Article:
The park in Daphne, just south of Bayfront Park with its big pier, is one of 50 stops along the Alabama Coastal Birding Trail, which is not contiguous but includes six different loops of trails totaling around 200 miles starting in Lillian and stretching westward to Grand Bay. Though many of the locations on the trail are more primitive, this one in Daphne is well maintained and easy to access and has amenities that include a spacious parking lot, clean public restrooms, and a covered picnic pavilion.
“There aren’t that many communities that have something like this,” says Fitzgerald. And she should know. A retired educator from Louisiana, she traveled widely before settling on the Eastern Shore in part because of the birding opportunities. Birding is considered to be one of the fastest-growing hobbies in the world, and Fitzgerald believes one of the reasons for that is that it is so easy to get started. Literally, all you have to do is “stop, listen, and look” – but it helps to have a good pair of binoculars and a field guide (or, increasingly, a smartphone camera and eBird app). You can do it alone in your own backyard or with a group on a field trip, and you also can enjoy it along with other outdoor activities.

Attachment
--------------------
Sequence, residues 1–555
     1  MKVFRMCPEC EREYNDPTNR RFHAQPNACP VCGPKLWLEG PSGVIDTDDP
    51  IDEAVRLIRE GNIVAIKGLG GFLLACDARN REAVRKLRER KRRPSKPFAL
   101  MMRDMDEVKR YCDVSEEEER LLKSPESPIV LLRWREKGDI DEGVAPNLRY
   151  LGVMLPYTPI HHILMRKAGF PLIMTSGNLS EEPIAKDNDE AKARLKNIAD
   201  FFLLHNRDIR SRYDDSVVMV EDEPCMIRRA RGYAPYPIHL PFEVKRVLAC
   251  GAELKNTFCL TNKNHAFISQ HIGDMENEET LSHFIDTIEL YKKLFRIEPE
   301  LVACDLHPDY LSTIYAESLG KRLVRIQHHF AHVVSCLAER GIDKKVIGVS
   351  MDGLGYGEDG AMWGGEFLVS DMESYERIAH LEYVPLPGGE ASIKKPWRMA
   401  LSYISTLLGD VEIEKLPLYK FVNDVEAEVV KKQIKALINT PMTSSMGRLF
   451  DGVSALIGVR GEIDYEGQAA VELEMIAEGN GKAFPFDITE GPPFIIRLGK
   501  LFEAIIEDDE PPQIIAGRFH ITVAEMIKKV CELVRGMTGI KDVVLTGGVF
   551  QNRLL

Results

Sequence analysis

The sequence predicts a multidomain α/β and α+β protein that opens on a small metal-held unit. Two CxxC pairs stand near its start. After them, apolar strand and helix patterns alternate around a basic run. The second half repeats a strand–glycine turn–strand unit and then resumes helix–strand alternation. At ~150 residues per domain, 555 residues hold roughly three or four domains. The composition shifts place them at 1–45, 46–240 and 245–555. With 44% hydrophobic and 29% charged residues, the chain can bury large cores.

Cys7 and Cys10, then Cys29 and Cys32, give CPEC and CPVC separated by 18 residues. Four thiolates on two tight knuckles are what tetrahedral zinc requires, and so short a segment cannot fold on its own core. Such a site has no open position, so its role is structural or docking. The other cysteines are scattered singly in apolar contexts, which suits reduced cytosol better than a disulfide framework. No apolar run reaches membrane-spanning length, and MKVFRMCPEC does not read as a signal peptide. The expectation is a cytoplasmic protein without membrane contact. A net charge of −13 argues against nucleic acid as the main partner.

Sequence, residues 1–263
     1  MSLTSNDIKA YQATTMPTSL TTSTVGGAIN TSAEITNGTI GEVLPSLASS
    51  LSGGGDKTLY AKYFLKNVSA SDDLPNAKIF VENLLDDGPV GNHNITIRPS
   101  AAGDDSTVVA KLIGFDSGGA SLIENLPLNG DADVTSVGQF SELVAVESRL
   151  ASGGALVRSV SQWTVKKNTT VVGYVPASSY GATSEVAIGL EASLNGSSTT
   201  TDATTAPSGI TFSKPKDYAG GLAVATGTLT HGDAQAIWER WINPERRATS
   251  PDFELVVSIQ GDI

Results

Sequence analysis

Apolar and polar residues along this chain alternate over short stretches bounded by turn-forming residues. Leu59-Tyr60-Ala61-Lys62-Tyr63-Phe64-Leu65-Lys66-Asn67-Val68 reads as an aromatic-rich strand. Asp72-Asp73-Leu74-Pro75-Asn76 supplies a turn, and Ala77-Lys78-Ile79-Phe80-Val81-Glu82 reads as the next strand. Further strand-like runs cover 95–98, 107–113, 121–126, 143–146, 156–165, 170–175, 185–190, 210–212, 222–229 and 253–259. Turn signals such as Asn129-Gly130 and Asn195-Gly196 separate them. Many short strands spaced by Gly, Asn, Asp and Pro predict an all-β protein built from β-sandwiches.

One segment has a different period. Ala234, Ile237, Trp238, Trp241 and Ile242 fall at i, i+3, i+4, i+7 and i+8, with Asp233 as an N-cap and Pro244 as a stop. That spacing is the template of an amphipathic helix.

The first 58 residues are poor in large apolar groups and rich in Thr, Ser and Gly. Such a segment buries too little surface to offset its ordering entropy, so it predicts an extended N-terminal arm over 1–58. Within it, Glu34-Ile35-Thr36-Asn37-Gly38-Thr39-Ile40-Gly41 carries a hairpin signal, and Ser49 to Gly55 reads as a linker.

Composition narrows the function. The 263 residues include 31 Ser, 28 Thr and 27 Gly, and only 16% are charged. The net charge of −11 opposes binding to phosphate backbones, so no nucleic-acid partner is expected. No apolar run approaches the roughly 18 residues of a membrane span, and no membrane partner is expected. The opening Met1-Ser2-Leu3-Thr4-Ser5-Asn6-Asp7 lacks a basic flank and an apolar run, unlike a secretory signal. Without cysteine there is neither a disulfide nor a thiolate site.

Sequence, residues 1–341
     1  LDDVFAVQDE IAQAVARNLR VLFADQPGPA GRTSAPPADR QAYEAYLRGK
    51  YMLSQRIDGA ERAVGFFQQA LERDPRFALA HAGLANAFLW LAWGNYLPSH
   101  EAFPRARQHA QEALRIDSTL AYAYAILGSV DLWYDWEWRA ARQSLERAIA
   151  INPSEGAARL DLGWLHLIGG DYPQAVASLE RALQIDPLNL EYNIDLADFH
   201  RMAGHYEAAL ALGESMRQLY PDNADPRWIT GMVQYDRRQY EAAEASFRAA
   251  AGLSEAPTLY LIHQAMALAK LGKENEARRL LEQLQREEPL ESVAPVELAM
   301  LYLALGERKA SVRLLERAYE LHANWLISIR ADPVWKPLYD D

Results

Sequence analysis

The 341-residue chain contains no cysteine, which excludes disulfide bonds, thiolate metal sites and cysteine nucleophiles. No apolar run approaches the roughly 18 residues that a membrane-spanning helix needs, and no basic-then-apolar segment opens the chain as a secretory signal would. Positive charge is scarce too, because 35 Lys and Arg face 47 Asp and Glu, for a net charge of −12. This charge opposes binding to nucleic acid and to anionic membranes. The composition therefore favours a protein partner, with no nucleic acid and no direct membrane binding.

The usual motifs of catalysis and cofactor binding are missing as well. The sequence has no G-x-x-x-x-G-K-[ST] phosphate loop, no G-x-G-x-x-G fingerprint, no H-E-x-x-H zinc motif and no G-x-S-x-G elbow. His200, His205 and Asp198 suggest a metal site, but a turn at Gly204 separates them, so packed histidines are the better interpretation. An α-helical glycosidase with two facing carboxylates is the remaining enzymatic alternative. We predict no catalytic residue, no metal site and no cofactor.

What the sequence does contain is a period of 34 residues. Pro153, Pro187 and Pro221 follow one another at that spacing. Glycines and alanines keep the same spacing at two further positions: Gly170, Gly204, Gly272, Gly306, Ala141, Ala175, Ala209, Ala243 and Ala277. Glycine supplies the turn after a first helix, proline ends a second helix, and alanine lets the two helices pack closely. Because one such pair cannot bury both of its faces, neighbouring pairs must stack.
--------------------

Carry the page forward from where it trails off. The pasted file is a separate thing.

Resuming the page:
The four-day Birdfest, which is the first weekend in October each year, includes sightseeing tours on local waterways and educational events at sites such as 5 Rivers Delta Resource Center as well as a free Bird and Conservation Expo at the community college campus in downtown Fairhope. Proceeds go toward conservation efforts, specifically the purchase of land to preserve bird habitat.
The festival draws from around Alabama and other states, too, so there’s no question it contributes to the local economy. It is one of several facets of ecotourism that is being promoted through tourism websites and social media platforms. “It’s a growing industry, something that’s evolving and coming of age,” says Phillip Hinesley, a nature tourism specialist with Gulf Shores & Orange Beach Tourism. “People are wanting to get more in touch with nature.”
Birding Goes Digital